The pressure financial institutions are now facing to reduce costs also adds to the heightened information security threat. While 60 per cent of respondents confirm that their information security budgets have increased, these increases do not keep pace with the current security challenges and needs. More than half (56%) of respondents say that budgetary constraints and/or lack of resources are the leading barriers to ensuring information security, while 'lack of resources' (33%) is identified as the leading cause of information security projects failure. Additionally, an increasing number of respondents (15% vs. 13% in 2007) acknowledge that expenditure on information security is falling behind.
"As the financial crisis continues to bite deep, organisations may look to save money by cutting IT budgets and reducing spending on security infrastructure," says McDonnell. "But as tempting as this may be, now is not the time to cut security protection costs. If the guard is lowered, there will be people waiting to exploit any weaknesses resulting from such 'cost-saving' measures. Now, more than ever, financial institutions should maintain their investment in, and focus on, security."
The survey shows that the EMEA (Europe, Middle East and Africa) has the highest percentage of respondents who feel they have the required competencies to handle current and future security requirements (41%). However, half of all financial institutions surveyed in this region (49%) experienced repeated external breaches in 2008. Only two thirds (64%) - the second lowest rank globally - confirm they had provided their employees with at least one information security training session during 2008. Additionally, just over half (56%) of survey participants in this region feel they have the necessary organisational commitment and funding to address regulatory requirements.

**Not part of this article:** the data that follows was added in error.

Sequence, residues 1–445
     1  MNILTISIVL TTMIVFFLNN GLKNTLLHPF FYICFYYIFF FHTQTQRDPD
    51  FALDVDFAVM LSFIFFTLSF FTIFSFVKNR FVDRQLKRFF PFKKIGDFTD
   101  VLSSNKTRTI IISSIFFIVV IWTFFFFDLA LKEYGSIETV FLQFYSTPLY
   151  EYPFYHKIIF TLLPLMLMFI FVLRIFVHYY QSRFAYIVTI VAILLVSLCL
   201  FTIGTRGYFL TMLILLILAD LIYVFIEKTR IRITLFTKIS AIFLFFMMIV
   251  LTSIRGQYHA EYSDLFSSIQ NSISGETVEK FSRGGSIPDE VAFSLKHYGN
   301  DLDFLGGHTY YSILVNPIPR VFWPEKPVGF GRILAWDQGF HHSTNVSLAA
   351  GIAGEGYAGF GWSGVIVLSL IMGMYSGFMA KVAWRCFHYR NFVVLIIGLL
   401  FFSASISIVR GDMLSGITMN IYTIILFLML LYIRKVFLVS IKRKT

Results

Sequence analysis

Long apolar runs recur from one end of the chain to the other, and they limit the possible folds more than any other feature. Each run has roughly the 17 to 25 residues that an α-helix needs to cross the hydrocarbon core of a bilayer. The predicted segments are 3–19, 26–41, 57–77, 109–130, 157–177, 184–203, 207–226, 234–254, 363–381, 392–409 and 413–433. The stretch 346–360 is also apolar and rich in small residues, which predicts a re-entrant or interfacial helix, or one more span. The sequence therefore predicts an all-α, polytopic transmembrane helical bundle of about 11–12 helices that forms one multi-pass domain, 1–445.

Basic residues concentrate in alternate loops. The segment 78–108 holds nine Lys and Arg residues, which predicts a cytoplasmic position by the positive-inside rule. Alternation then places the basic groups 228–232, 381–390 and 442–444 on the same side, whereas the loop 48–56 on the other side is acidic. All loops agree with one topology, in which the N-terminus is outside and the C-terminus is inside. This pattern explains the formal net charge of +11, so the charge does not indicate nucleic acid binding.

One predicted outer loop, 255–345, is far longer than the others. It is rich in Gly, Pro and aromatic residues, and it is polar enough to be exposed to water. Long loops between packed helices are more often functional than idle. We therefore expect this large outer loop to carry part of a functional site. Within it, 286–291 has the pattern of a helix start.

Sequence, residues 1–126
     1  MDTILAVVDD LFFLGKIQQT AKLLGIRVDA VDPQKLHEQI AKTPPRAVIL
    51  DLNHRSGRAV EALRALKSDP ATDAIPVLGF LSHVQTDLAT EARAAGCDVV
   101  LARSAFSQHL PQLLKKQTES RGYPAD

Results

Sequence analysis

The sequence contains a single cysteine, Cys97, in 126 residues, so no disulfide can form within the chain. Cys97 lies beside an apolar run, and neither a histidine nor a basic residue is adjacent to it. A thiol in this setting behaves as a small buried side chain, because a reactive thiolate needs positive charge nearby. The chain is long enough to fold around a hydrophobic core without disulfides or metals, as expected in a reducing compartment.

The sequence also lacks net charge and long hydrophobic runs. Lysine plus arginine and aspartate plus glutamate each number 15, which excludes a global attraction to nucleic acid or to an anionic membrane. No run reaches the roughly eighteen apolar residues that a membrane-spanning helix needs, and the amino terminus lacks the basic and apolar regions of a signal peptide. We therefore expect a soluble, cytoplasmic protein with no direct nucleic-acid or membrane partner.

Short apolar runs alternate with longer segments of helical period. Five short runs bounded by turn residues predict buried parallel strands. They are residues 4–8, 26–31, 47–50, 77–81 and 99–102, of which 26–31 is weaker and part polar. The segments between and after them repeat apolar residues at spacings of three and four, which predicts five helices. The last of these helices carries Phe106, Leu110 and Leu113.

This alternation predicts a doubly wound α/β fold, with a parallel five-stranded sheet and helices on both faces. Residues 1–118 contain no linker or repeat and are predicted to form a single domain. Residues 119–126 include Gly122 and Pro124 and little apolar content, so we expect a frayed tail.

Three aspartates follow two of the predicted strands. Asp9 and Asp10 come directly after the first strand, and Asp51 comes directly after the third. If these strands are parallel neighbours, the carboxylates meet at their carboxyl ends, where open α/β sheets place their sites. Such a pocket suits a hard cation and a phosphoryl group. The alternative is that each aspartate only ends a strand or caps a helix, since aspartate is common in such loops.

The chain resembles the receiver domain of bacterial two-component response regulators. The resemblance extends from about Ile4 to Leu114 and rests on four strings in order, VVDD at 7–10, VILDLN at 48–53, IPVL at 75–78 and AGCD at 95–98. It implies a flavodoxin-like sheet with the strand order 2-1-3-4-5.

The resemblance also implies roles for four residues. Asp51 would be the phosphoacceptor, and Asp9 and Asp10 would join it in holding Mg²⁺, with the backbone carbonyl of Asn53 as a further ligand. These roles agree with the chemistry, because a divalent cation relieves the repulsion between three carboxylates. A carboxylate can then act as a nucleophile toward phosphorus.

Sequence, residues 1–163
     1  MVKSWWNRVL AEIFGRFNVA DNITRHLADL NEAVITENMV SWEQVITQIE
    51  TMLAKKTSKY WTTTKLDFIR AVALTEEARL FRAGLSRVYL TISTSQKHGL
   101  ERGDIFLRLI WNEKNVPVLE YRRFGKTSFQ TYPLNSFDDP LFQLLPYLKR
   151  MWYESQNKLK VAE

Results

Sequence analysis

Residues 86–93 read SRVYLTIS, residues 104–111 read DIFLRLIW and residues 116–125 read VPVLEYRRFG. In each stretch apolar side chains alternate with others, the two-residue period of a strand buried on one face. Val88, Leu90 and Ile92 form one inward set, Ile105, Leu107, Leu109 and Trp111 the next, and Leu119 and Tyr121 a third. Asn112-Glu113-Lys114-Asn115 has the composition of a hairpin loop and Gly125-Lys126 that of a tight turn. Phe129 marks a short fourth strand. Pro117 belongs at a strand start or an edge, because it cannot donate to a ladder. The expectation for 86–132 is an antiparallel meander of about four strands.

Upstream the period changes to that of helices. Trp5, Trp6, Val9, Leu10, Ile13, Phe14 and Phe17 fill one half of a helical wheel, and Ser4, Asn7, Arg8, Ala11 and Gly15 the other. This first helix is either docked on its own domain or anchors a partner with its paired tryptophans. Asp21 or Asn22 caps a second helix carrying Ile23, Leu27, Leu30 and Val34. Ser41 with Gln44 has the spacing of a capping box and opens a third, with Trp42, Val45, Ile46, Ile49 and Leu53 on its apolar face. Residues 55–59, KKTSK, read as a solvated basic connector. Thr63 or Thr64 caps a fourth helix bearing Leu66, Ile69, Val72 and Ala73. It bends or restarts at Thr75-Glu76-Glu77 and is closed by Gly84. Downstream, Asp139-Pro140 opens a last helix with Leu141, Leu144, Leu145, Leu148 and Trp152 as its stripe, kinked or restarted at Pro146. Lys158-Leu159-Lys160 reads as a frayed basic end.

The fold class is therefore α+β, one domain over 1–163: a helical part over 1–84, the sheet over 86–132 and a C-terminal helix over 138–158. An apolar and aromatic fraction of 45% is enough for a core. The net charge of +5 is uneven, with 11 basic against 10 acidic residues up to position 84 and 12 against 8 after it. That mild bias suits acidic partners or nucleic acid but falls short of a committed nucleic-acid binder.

Additional findings of the survey:
- Financial institutions' top three information security priorities are: security regulatory compliance and, tied in second place, access and identity management and data protection and information leakage
- During 2008, financial institutions saw a decline in the number of both external (47% vs. 65% in 2007) and internal (27% vs. 30% in 2007) security breaches
- The leading drivers for financial institutions to protect the privacy of their clients are privacy regulatory requirements (79%) followed by reputation and brand concerns (70%).
The survey was conducted by DTT's Global Financial Services Industry (GFSI) group using face-to-face interviews and on-line questionnaires. The survey sample was comprised of senior information technology executives (Chief Security Officer, Chief Information Officer, security management team, etc.) at many of the top 100 global financial institutions from the banking, insurance, securities and asset management sectors. Questions covered areas such as governance, investment in security, risk, use of security technologies, quality of operations and privacy. The respondents represented public and private organisations from 32 countries, divided into five regions: Europe, the Middle East and Africa (EMEA); Japan; Asia Pacific (APAC); North America (NA), and Latin America and the Caribbean (LACRO). Due to the diverse focus of institutions surveyed and the qualitative format of the research, some results may not total 100% or be representative of each identified region.
The information contained in this press release is correct at the time of going to press.